The Message to The King and Queen

The final section of the chapter contains a direct message to the king and queen. Jeremiah warns them of the humiliation they will face, symbolized by the lifting of their skirts, due to their arrogance. The message continues, predicting that their cities will be deserted, and their inhabitants will be taken into exile. Jeremiah concludes the chapter with a lament for the pride of Judah, expressing sorrow for the impending doom.

Throughout Chapter 13, the recurring themes of disobedience, pride, and impending judgment are present. Judah's persistent sin and refusal to heed God's warnings have led to their downfall. The metaphors used in this chapter provide a powerful visual representation of the spiritual decay that has occurred due to disobedience and pride.

Interpretation and Theological Implications

Chapter 13 of the Book of Jeremiah is a potent reminder of the consequences of disobedience and pride. The metaphors used serve as a warning to all readers about the dangers of straying from God's commandments. The ruined linen belt symbolizes a broken relationship with God, while the wineskins filled with wine represent the disorientation and chaos that ensue when God's warnings are disregarded.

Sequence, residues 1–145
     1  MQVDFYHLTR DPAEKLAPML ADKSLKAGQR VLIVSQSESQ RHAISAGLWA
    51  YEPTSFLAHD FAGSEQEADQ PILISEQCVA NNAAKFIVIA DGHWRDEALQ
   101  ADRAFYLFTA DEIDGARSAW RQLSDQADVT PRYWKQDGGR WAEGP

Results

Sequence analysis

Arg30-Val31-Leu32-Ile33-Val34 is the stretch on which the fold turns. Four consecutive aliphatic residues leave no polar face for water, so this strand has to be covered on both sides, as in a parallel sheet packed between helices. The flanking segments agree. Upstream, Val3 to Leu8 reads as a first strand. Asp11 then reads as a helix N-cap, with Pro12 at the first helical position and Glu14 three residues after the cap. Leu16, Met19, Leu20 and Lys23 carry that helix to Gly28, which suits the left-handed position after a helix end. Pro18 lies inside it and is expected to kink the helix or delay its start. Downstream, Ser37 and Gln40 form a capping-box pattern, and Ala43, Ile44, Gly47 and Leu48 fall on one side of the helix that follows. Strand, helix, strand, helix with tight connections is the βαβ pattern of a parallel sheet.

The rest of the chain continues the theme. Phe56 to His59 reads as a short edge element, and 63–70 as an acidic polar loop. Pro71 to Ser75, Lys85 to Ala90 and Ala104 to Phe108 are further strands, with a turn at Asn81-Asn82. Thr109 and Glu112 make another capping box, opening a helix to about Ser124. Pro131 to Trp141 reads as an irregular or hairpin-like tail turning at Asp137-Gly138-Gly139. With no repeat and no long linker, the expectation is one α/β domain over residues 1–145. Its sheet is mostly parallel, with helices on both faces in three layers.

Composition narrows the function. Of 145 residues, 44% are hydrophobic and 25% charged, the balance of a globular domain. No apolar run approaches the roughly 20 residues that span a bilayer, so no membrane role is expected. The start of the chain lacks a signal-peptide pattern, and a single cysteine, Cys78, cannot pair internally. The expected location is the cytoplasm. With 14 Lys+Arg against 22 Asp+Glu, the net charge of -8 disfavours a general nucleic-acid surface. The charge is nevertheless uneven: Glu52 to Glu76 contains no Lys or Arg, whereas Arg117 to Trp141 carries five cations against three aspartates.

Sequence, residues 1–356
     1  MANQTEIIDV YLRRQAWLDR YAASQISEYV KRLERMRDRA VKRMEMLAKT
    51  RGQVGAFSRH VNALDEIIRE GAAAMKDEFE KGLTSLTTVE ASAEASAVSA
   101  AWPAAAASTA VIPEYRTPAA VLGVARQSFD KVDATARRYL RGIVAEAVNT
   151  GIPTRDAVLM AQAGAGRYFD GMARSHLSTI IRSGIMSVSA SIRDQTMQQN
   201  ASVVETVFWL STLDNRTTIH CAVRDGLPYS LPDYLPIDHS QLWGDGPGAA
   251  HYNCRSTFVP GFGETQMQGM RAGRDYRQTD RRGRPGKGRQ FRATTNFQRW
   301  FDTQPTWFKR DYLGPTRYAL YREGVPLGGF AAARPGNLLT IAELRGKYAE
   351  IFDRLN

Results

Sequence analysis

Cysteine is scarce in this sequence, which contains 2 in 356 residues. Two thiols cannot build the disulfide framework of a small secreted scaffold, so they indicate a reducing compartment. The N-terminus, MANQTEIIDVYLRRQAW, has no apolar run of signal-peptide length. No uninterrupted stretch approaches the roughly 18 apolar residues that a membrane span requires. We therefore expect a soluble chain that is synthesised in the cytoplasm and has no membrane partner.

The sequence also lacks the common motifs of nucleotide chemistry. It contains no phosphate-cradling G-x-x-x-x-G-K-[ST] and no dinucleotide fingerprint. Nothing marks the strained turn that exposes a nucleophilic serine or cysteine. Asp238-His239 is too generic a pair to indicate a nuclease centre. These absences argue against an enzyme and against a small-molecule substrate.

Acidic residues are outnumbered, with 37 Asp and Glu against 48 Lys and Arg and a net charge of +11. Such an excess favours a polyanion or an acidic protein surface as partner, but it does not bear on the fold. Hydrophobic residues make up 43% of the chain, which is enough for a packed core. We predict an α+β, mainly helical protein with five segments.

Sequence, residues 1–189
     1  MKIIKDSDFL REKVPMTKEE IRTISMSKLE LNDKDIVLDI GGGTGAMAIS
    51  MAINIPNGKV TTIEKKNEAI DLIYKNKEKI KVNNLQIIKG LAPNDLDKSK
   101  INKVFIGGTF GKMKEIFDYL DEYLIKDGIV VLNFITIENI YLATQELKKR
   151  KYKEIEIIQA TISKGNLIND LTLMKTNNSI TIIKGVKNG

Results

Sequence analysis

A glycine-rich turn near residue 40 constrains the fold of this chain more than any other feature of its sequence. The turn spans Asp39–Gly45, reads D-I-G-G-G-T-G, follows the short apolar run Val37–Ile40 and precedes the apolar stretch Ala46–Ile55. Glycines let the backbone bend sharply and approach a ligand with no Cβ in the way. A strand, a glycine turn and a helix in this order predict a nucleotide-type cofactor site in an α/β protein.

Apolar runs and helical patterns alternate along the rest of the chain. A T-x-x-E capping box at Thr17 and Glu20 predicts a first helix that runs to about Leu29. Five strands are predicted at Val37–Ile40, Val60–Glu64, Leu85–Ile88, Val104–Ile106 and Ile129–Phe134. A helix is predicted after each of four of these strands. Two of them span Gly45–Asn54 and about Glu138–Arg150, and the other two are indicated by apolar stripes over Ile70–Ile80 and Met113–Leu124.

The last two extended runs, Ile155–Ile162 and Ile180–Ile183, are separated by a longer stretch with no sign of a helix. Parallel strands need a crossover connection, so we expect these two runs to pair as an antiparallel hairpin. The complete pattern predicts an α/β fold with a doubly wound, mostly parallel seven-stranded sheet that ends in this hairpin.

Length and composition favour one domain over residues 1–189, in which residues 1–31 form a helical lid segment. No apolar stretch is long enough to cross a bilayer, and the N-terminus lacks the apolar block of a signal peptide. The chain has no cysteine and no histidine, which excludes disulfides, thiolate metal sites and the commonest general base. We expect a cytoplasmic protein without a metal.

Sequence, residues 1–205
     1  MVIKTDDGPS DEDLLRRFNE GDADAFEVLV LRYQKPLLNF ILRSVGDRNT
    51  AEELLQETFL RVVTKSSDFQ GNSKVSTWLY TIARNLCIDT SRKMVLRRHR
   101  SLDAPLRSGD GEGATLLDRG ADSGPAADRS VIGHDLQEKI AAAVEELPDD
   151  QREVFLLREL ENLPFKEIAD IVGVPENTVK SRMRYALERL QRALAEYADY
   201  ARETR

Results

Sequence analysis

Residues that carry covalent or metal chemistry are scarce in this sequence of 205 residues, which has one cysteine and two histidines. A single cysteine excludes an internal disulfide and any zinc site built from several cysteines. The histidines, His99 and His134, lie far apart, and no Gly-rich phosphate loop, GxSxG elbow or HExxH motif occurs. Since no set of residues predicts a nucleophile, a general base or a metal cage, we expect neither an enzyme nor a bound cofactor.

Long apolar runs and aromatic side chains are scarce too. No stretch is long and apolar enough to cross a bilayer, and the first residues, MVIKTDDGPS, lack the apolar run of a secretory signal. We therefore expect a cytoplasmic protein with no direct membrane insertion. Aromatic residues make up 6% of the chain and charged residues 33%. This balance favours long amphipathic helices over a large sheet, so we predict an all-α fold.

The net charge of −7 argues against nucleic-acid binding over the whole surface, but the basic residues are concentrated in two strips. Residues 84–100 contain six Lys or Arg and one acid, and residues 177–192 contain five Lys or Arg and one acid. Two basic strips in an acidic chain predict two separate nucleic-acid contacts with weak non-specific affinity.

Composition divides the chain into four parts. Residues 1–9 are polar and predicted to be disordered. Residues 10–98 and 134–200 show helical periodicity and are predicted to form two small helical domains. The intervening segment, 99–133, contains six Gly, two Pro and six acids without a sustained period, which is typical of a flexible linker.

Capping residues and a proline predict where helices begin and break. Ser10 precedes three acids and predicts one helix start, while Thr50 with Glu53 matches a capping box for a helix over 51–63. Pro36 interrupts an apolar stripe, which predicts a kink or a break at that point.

The chapter also emphasizes the importance of humility. The message to the king and queen serves as a stark warning against arrogance and pride. Their humiliation signifies that no one, regardless of their status or power, is exempt from God's judgment when they choose to live in disobedience.

Moreover, Chapter 13 serves as a reminder of God's sovereignty and His righteous judgment. Despite the dire situation, God's justice prevails. The chapter ends with a lament, signifying the sorrow that comes with recognizing the consequences of sin. This sorrow, however, can lead to repentance, a turning back to God, and a restoration of the relationship with Him.

Conclusion

In summary, Chapter 13 of the Book of Jeremiah in the KJV Bible is a powerful narrative of God's impending judgment on Judah due to their disobedience and pride. The vivid metaphors of the linen belt, the wineskins, and the message to the king and queen serve as stark reminders of the consequences of sin and the importance of humility and obedience to God's commandments. Despite the grim outlook, the chapter also offers hope, showing that repentance and a return to God can lead to restoration. Thus, the chapter serves as a timeless lesson for all readers, emphasizing the importance of maintaining a humble and obedient relationship with God.



This article is informed by the King James Version of the Holy Bible, the authors' personal knowledge, considerations and experience, and additional materials and resources available in internet.